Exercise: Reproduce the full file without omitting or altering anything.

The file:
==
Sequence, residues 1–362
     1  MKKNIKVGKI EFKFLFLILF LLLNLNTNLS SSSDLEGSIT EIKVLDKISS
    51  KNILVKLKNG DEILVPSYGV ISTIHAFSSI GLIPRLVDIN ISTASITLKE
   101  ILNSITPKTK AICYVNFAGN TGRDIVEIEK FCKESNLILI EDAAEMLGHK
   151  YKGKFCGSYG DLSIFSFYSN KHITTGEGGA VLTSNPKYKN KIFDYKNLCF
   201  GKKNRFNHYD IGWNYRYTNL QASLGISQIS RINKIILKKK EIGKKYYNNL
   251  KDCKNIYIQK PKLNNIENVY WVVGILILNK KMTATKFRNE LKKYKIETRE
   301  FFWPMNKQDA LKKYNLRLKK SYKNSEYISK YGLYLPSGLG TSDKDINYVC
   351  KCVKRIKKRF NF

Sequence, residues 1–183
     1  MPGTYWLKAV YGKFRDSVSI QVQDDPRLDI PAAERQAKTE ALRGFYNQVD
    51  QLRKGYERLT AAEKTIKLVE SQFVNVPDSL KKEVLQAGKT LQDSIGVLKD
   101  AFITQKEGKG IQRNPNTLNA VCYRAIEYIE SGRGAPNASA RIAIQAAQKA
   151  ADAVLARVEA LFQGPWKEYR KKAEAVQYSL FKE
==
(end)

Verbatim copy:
Sequence, residues 1–362
     1  MKKNIKVGKI EFKFLFLILF LLLNLNTNLS SSSDLEGSIT EIKVLDKISS
    51  KNILVKLKNG DEILVPSYGV ISTIHAFSSI GLIPRLVDIN ISTASITLKE
   101  ILNSITPKTK AICYVNFAGN TGRDIVEIEK FCKESNLILI EDAAEMLGHK
   151  YKGKFCGSYG DLSIFSFYSN KHITTGEGGA VLTSNPKYKN KIFDYKNLCF
   201  GKKNRFNHYD IGWNYRYTNL QASLGISQIS RINKIILKKK EIGKKYYNNL
   251  KDCKNIYIQK PKLNNIENVY WVVGILILNK KMTATKFRNE LKKYKIETRE
   301  FFWPMNKQDA LKKYNLRLKK SYKNSEYISK YGLYLPSGLG TSDKDINYVC
   351  KCVKRIKKRF NF

Sequence, residues 1–183
     1  MPGTYWLKAV YGKFRDSVSI QVQDDPRLDI PAAERQAKTE ALRGFYNQVD
    51  QLRKGYERLT AAEKTIKLVE SQFVNVPDSL KKEVLQAGKT LQDSIGVLKD
   101  AFITQKEGKG IQRNPNTLNA VCYRAIEYIE SGRGAPNASA RIAIQAAQKA
   151  ADAVLARVEA LFQGPWKEYR KKAEAVQYSL FKE